Monday, January 30, 2012

Is income inequality really a problem?...w/ Update

no, it's not.

One thing I've noticed about people who complain most about the "greedy" rich is the way they have of wrapping it all up in their concern for the poor.  It's really no more than a clever way of masking their own envy.  My question is, "Where are all these "poor" people?  Oh sure, there are folks living under bridges, most of whom suffer from mental illness or substance abuse problems; none of which can really be remedied through laws.

In my dealings with the poor through different charitable organizations, one thing stands out for me; such people live way better than I do.  They have more and better electronics, are able to buy better food through the food stamp program, and receive free medical care.  While I'm reviewing my cell phone contract and trying to decide on switching to a lower cost pay-as-you-go phone, they receive free phones and airtime through several programs.  I'd like a free cell phone, but I'm not going to get one.  Clip coupons or shop sales?  Why bother when the government is going to electronically fill up your food stamp card each month, which incidentally, in many states can be used at a cash machine. 

In 2011, Health and Human Resources declared a family of four with a household income of $22,350.00 as "poor."  While 22k per year is not a huge amount of money, believe it or not, many families are living on that amount.  While it would be a stretch to live in downtown Manhattan on this amount, there are plenty of places in this country where they could live fairly well.  It would take some dedication to thrifty living, but it's doable.

It would never occur to these "champions of the poor", to suggest that people not have illegitimate children when they're 14 or 15 years old, or that finishing school would be a good idea; two of the leading indicators of future "poorness."  Instead, they cling to the notion that if we just give them more of whatever they want, someday they will magically be, if not rich, at least middle class.  It simply doesn't work that way.  Never has, and never will.

The uproar over Newt Gingrich suggesting that young people should have jobs at school was met with such a barrage of outrage it was stunning.  When did it enter our national consciences that doing janitorial work was somehow demeaning?  The last job my grandmother ever held before she died was doing janitorial work at night in a large office building, and she was a well-educated person.  She loved it.  But now, we think a 15 year old doing such things is tantamount to slave labor.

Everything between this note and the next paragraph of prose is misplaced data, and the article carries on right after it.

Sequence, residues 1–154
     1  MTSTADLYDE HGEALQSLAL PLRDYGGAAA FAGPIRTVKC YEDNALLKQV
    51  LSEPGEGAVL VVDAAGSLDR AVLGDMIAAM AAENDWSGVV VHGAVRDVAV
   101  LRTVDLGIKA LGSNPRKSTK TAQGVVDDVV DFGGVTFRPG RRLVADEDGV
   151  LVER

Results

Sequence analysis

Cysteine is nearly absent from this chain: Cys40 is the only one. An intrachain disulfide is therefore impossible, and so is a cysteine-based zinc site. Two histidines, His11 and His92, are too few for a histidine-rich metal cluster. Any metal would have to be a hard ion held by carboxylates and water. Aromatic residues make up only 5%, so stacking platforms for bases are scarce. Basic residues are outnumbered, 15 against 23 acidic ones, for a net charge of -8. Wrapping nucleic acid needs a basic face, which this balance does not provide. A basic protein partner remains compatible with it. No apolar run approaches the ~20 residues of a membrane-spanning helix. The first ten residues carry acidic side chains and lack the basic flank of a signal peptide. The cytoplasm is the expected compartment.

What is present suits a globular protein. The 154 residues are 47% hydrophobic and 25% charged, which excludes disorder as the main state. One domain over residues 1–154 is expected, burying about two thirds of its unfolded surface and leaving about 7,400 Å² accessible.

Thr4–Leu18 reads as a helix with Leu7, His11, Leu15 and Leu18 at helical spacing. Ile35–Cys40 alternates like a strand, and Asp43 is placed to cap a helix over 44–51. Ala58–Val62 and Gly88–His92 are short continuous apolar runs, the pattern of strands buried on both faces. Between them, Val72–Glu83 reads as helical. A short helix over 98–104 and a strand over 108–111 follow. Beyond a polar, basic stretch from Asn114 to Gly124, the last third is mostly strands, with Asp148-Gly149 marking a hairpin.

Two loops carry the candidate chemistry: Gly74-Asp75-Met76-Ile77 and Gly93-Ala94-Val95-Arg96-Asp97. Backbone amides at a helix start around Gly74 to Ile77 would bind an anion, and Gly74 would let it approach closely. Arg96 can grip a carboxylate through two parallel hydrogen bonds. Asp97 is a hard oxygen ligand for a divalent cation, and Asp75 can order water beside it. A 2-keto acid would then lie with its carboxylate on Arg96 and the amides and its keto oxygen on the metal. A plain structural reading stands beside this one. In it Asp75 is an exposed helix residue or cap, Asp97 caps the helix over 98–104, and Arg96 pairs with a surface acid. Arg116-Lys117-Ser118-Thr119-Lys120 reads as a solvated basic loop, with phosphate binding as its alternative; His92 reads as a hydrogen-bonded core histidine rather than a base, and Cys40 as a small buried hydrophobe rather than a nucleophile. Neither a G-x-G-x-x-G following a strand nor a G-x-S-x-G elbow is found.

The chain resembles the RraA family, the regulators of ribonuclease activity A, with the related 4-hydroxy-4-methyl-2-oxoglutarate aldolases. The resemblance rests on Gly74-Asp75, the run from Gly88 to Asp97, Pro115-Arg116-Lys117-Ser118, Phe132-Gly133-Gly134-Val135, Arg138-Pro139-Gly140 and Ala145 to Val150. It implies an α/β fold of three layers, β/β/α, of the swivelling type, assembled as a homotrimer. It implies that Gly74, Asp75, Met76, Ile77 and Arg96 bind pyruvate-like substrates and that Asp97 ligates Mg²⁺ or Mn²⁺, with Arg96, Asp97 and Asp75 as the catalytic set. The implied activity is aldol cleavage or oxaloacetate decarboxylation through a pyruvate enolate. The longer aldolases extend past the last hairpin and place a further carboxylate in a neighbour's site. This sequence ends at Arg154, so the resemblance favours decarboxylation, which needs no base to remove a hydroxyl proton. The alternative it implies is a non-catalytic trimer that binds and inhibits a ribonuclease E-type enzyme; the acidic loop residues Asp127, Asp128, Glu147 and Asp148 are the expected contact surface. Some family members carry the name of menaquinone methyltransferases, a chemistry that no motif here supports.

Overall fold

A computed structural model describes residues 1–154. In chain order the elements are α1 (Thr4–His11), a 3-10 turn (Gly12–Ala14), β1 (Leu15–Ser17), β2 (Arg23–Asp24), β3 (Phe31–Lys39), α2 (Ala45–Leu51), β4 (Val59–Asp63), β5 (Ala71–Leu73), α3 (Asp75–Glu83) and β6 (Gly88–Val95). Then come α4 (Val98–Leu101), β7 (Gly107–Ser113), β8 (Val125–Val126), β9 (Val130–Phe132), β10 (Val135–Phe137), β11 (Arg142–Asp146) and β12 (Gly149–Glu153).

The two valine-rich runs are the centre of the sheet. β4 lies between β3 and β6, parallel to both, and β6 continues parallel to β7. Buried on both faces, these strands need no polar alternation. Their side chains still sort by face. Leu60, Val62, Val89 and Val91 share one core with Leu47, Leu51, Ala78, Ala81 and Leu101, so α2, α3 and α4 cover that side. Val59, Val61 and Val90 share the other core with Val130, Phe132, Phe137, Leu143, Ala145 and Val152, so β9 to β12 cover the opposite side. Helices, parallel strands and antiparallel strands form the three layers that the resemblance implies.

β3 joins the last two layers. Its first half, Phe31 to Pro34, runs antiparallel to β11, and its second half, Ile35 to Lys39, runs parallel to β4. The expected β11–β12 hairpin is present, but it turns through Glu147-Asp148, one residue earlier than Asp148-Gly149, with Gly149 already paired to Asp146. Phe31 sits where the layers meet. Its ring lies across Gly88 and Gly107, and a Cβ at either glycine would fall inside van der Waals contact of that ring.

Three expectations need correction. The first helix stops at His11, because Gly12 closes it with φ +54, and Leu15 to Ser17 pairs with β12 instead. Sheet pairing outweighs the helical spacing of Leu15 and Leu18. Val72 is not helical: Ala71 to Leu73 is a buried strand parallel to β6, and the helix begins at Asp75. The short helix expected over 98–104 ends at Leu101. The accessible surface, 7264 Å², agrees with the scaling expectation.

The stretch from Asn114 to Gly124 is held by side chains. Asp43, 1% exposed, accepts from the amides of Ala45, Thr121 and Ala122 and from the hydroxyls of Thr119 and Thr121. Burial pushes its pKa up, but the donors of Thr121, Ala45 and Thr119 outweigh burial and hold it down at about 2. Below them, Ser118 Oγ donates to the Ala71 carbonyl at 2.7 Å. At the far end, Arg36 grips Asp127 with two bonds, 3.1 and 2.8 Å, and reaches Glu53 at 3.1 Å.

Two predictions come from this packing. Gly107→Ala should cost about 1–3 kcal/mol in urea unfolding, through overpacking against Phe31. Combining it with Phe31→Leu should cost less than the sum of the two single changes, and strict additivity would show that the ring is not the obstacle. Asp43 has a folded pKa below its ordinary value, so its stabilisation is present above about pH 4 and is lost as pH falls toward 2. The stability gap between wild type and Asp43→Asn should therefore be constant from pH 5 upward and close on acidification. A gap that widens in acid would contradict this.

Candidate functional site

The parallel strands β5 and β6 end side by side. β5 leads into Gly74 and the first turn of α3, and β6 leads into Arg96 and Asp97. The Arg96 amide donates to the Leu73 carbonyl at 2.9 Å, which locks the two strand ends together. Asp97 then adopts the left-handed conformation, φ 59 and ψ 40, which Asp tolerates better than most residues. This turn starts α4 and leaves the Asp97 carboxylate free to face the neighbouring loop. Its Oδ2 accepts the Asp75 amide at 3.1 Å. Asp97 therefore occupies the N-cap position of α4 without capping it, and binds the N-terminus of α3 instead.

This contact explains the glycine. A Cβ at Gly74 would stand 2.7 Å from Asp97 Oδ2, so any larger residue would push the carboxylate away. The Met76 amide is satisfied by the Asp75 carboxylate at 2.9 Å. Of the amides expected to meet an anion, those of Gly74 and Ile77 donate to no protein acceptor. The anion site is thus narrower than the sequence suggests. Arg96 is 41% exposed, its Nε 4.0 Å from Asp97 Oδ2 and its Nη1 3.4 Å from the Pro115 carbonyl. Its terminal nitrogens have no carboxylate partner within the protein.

I'd take Newt's idea one step further.  From first grade on, the children should be responsible for cleaning their own classrooms.  When I taught at a private school, this was considered normal.  Every Friday, the last period of the day was spent with the kids washing down desks and blackboards, vacuuming, and straightening the book shelves.  Also, we had rotating teams every week that were responsible for cleaning up the lunch room after lunch.  These kids learned to take pride in their classrooms and their school. Why are we paying adults to clean up after children?  Is that not backwards?

Most of the people buying into this class warfare rhetoric are doing it so they can sit around with their five dollar coffees and feel good about themselves.  The facts are inconvenient, and they'll avoid them at all costs.

Bruce McQuain, at Questions and Observations, in an excellent article today, talks about income inequality:

Income inequality: why you shouldn’t care

James Q Wilson makes many of the same points that have been made here over the last few months concerning the argument about income inequality that the left has been trying to use as a reason to tax the rich even more than they’re taxed now.   In sum, most of the left’s arguments rest in the premise that the economy is a zero sum game and that the income the “rich” are taking had to come from someone else’s slice.
That argument, much like the climate change debate, depends on a measure of ignorance among those they’re trying to influence. 
In reality, income inequality is nothing to be concerned about when it meets certain conditions.   Or, in other words, it isn’t a zero sum game and everyone has an opportunity to do better.  read the rest of this excellent article

Silverfiddle, over at Westen Hero, has another wonderful article about this whole class warfare meme.

Socialism's Sad Propagandists

The entire Class Warfare agenda collapses under serious scrutiny
President Obama's demagoguery surrounding wealth, taxes and everybody paying their "fair share" (what ever the hell that is) has passed its freshness date, but still it sits there in the public square, rotting like a sack of bloody fish heads in the harsh noonday sun.  read the rest


  Feds: ‘Poor’ Consume Like The Rich  Be sure to read the comments 

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